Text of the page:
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A federal judge in Hawaii approved a $15 million settlement for Sean and Carolyn Galbreath over brain damage to their son, shown here soon after his birth on Feb. 17, 2018, at Tripler Army Medical Center, Hawaii.

A federal judge in Hawaii approved a $15 million settlement for Sean and Carolyn Galbreath over brain damage to their son, shown here soon after his birth on Feb. 17, 2018, at Tripler Army Medical Center, Hawaii. (Law firm of Turbin Chu Heidt)

HONOLULU — A federal judge in Hawaii has approved a $15 million settlement for an Army couple whose son suffered brain damage from lack of oxygen during his delivery at Tripler Army Medical Center in 2018.

Under the settlement terms, Sean and Carolyn Galbreath will receive $7.5 million in upfront cash. Another $7.5 million would be invested in an annuity, which will provide a monthly stipend for their son for his entire life.

Projected out over a lifetime, the settlement equates to roughly $38 million, Rich Turbin, one of the attorneys representing the family, said at his Honolulu office Friday.

U.S. Magistrate Judge Kenneth Mansfield gave provisional approval for the settlement on June 14, and it now awaits final authorization by the assistant attorney general in Washington, D.C.

Tripler, which is located just outside Honolulu, admits no liability in the settlement. It declined on Friday to comment on the case.

The medical center offers tertiary-level care and supports 264,000 local active-duty and retired military personnel, their families and veterans, according to its website.

Sean Galbreath, an enlisted soldier, was stationed in Hawaii when his wife went into labor on the evening of Feb. 16, 2018, according to their attorneys.

Carolyn had attempted to deliver the baby vaginally throughout the night, but by 6 a.m. the next day, the fetal heart monitor indicated that the child was in distress. His vital signs continued to worsen, but it was not until just past 8:30 a.m. that an emergency cesarean section was performed, according to the complaint filed Aug. 28, 2020.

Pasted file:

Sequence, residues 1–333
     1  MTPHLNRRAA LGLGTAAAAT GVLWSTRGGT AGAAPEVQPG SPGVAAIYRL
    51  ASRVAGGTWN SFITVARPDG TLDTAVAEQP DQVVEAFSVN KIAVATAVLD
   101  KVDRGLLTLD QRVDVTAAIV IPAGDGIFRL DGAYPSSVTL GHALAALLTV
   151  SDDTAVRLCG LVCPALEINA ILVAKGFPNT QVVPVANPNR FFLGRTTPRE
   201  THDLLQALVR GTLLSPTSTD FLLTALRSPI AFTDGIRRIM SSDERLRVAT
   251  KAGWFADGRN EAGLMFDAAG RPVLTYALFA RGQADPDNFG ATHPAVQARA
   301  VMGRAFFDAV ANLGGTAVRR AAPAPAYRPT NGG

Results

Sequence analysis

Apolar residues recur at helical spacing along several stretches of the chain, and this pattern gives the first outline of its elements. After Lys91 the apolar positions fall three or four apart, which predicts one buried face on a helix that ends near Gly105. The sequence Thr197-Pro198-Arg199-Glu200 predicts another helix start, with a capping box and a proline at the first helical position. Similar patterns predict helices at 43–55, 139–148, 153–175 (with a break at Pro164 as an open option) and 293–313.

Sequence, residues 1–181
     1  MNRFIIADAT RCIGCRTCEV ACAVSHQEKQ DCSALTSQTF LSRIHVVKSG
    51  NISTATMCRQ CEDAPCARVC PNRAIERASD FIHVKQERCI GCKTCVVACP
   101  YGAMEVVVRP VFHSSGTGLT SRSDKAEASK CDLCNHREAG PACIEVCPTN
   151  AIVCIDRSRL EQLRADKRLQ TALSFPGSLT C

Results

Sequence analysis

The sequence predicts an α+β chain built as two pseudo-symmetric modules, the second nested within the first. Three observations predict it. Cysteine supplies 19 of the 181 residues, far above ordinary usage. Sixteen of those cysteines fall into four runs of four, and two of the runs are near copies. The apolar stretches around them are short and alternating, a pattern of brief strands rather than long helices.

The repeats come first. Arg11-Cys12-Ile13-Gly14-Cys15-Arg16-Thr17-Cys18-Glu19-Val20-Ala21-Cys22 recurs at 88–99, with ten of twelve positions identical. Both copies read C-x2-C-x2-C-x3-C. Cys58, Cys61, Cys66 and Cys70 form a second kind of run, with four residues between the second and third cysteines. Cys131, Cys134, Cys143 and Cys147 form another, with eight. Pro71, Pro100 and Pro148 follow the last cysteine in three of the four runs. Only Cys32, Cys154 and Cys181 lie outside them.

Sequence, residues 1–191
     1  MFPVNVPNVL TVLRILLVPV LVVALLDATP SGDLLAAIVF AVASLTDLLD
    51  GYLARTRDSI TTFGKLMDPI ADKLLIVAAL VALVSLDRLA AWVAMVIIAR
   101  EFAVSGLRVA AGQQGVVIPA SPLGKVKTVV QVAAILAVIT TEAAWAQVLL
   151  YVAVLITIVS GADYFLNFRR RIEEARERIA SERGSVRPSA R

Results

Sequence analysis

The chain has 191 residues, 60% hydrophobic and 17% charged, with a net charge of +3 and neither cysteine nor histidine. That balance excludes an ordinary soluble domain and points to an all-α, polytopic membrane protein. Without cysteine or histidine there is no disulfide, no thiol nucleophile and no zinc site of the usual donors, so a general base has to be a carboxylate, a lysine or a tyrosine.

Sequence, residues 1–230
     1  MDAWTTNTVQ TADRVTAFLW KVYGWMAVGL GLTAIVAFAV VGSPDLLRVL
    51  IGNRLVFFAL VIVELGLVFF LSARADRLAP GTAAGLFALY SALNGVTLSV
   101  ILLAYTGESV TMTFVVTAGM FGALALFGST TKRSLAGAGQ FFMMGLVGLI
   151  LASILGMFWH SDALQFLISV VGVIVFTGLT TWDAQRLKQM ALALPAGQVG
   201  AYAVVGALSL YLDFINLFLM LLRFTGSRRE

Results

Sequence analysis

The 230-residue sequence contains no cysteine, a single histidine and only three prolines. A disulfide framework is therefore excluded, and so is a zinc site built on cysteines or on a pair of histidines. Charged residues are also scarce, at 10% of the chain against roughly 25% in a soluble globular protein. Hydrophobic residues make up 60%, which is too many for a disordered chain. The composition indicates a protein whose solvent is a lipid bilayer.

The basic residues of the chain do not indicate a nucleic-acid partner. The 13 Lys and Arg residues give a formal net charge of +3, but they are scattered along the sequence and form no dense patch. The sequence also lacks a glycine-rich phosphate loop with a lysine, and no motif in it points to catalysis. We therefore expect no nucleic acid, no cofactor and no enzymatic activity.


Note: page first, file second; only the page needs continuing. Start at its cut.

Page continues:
The child was blue and unresponsive due to lack of oxygen to his brain when he was delivered about 10 minutes later.

Turbin said the C-section was delayed because medical personnel ending their night shift did not properly communicate the urgency of the matter with the incoming shift.

In addition, the attending physician was not conducting the checks required in such a case and not communicating with nurses and floor staff, he said.

As a result of the mishandled delivery, the boy suffers from seizures, cerebral palsy and other neurological issues, said Janice Heidt, one of the attorneys representing the family.

“He currently receives speech therapy, occupational therapy, physical therapy and behavioral therapy,” she said.

“He’s 4 years old so at this point he’s still developing,” Heidt said. “And of course, his parents have high hopes that he will continue to improve in his condition.”

Sean is now stationed at Fort Meade, Md., Heidt said.

“However, by the time our son was a year and a half old, it was clear he was going to have physical and mental deficits, and he would require care for the rest of his life,” they said in the statement.

“We have been through so much with our son and the struggle for care and treatment can be so tiring,” the couple said. “This settlement will help lighten that load and provide us with treatment and care options that we never had before.”

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Wyatt Olson is based in the Honolulu bureau, where he has reported on military and security issues in the Indo-Pacific since 2014. He was Stars and Stripes’ roving Pacific reporter from 2011-2013 while based in Tokyo. He was a freelance writer and journalism teacher in China from 2006-2009.
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